"Hanging to the life"

Hello guys, this is one of my first image with out following a tutorial, and because is one of the first i would like that you people give me a really strong critique, dont worry about hurt my feelings i can resist ir ;).

The image name is “Hanging to the life” and was inspired with the movie “127 Hours”.


Pstd: Sorry to link the portafolio, only get error when tryied to upload the image in the post :S.

Pstd2: Im not pretty sure how i got that texture in the rocks, it was like an accident :stuck_out_tongue:

Hello guys, this is one of the first image that i made with out following a tutorial, because of that i want that you people give me plase a really hard critique, dont worry about hurt feelings ;).


The image name is “Hanging to the life” and was inspired with the movie “127 hours”.

Im not pretty sure how i got that texture of the rocks and i know that it´s something wrong but dont know what :S

Thanks guys.

The concept and modeling is good. There is a problem with composition though. I was little confused at first glance because the image structure was not clear. Tree and cliff foreground needs stronger silhouetting from the background to separate it from background.

Hi, thanks for your critique :), however im really sorry but im still a noob and im not pretty sure what do you mean with stronger silhouetting? if you can explain me a little i will thank you forever :slight_smile:

Really nice image. :slight_smile:

What he means is the front elements (the cliffs and tree) need to visually separate from the background more to give the image more depth.

It’s also called “Rim Lighting”.

Add a light behind and below the cliff and tree to silouette the grass and tree. Alternatively you can add a hint of fog or mist to the background and this will help separate and push back the foreground elements and will allow the front tree and cliffs to stand out from the background better.

Wow, i didnt have idea of the Rim lightning and you are totally right, this effects actually push the elements and give more depth to the image, really, really thank you very much for the explain and the visual example, boy you are amazing !! :slight_smile:

Here’s another thought. Have a Wikipedia read on “Zone System” and “Densitometry.”

Now, open your image with an image editor (or with Blender) and use the Histogram tool on it. What you’d like to see is a more or less bell-shaped curve: centering on midtones, some moderate dark tones, but really, nothing that is either “blown out white” or “opaque black.”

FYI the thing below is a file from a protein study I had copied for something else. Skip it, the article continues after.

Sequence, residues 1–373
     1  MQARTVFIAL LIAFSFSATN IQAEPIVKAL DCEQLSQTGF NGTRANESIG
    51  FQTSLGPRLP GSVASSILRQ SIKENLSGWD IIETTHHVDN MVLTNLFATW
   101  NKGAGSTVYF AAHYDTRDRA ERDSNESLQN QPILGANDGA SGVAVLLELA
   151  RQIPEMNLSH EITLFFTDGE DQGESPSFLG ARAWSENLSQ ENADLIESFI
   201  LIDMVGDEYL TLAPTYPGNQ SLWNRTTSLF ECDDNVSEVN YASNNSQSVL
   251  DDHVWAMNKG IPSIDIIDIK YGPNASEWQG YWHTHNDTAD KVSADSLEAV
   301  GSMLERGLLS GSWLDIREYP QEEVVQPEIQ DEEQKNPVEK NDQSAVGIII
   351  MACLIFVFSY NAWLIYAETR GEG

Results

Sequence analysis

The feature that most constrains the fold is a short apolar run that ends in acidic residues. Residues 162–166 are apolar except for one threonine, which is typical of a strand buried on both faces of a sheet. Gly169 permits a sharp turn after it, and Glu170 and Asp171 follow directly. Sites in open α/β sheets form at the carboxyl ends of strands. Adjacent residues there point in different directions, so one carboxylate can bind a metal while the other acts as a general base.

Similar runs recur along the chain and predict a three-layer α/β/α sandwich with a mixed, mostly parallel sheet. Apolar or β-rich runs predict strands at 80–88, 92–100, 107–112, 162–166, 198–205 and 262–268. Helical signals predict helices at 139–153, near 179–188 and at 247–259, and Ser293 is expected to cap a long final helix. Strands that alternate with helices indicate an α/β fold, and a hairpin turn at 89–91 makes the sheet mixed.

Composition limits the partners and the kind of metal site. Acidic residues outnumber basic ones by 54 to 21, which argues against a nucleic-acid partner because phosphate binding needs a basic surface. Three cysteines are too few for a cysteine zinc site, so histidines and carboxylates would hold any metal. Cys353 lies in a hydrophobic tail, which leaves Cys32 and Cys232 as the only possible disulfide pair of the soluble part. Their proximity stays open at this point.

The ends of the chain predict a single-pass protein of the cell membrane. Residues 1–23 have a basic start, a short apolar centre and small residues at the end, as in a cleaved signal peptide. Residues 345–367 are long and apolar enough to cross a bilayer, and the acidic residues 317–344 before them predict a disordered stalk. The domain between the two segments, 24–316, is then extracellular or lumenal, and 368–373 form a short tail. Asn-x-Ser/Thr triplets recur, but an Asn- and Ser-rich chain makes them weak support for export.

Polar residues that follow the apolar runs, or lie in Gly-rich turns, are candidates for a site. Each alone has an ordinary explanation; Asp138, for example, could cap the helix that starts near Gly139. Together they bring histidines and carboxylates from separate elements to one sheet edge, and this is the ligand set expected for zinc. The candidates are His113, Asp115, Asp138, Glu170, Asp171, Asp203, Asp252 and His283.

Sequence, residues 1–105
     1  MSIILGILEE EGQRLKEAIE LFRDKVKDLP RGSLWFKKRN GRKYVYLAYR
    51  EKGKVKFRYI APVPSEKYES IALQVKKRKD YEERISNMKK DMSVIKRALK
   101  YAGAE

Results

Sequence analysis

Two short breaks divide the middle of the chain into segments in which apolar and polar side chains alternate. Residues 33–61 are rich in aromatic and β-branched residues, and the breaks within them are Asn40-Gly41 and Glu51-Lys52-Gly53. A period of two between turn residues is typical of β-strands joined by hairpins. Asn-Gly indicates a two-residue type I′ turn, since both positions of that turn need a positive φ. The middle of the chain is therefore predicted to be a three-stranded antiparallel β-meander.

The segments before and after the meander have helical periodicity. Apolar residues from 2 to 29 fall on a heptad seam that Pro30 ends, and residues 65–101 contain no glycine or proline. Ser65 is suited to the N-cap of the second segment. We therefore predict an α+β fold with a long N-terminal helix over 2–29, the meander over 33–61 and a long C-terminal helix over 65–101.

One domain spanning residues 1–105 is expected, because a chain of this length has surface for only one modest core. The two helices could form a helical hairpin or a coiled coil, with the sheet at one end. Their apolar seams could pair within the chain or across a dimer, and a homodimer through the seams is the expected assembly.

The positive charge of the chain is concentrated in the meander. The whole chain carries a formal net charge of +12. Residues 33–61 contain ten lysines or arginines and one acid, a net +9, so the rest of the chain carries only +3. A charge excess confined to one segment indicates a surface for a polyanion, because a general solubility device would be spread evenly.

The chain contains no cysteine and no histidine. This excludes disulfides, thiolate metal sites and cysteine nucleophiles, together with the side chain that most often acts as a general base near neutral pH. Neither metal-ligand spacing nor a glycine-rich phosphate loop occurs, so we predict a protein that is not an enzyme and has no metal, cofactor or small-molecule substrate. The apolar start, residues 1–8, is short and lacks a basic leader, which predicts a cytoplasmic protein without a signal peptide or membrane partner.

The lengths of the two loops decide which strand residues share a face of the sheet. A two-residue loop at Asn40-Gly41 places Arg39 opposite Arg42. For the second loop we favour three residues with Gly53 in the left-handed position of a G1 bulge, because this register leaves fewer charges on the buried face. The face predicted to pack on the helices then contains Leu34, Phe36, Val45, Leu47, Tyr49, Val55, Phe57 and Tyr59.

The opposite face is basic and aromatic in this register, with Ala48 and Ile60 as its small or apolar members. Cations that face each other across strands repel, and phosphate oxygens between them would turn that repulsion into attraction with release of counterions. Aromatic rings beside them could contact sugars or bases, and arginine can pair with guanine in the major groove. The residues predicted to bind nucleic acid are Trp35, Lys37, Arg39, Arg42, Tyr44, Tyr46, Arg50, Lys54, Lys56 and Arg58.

There is, in fact, a great big black space, right there in the middle of your picture, surrounding what you intend to be the subject (the tree). There’s going to be a huge spike in the curve on the left side. Not good.

Now, it is a fact that the human eye seeks out the brightest and the most contrasty part of anything that it’s looking at. Then, from there, it really wants to trace a roughly circular path and be lead right back to where it started. Do you find your eye doing that? Probably not.

So, generally consider the overall tonal range of the picture. Bring the light in that dark area up. If you were standing next to me in the darkroom, I’d be taking a card with a small hole in it and “burning in” that canyon to bring out the detail that must surely be in there somewhere.

Then, consider what I was saying about the brightest thing and the path. Consider what path you’d like the viewer’s eye to take, to properly take-in the whole scene. Then consider what lighting levels (and shades of color!) ought to be here, and there, in order to achieve that.

You might consider using compositing here. It is very handy, I think, to be able to extract the various sources and types of light so that you can then “mix-down” the image, much the way they do in a multi-track musical recording session. This notion de-emphasizes the goal of trying to “get it all perfecct at once,” and instead breaks down the problem into pieces that can be dealt with (and balanced) separately.

If you do the first render(s) to the MultiLayer file format, you will obtain a tremendous amount of numeric range and precision … “whiter than white, blacker than black” … which might greatly simplify the assembly of such a high-contrast scene. (i.e. “oops, it turned black, but the detail is still there.”)

Wow. I just think that this blend is fantastic. Just a thought though, the theme of this CG painting (yeah, that’s basically what I call it!) made me laugh because of its self-explanatory message. Good Job!!!

Oooops, it looks like i post twice the same thing, sorry for that, i think that this post actually was deleted because a bad click when i was editing it, any way to delete this thread??, also thanks Reuben :).

Again sorry for the double thread :S

That looks great! I’d just suggest that you add some roots to the base of the trunk, so that it looks like the tree is clinging to the rock and there;s some interaction between the different meshes in your scene.

Wow, thanks sundialsvc4 for the great info, i didnt know about those theorys and are really usefull, i try to apply to my render, however the result didnt like it at all, maybe because im a noob :S, anyway your critique teach me a lot and i will apply it to my next work, thank you very much guys :slight_smile:

My finishes image: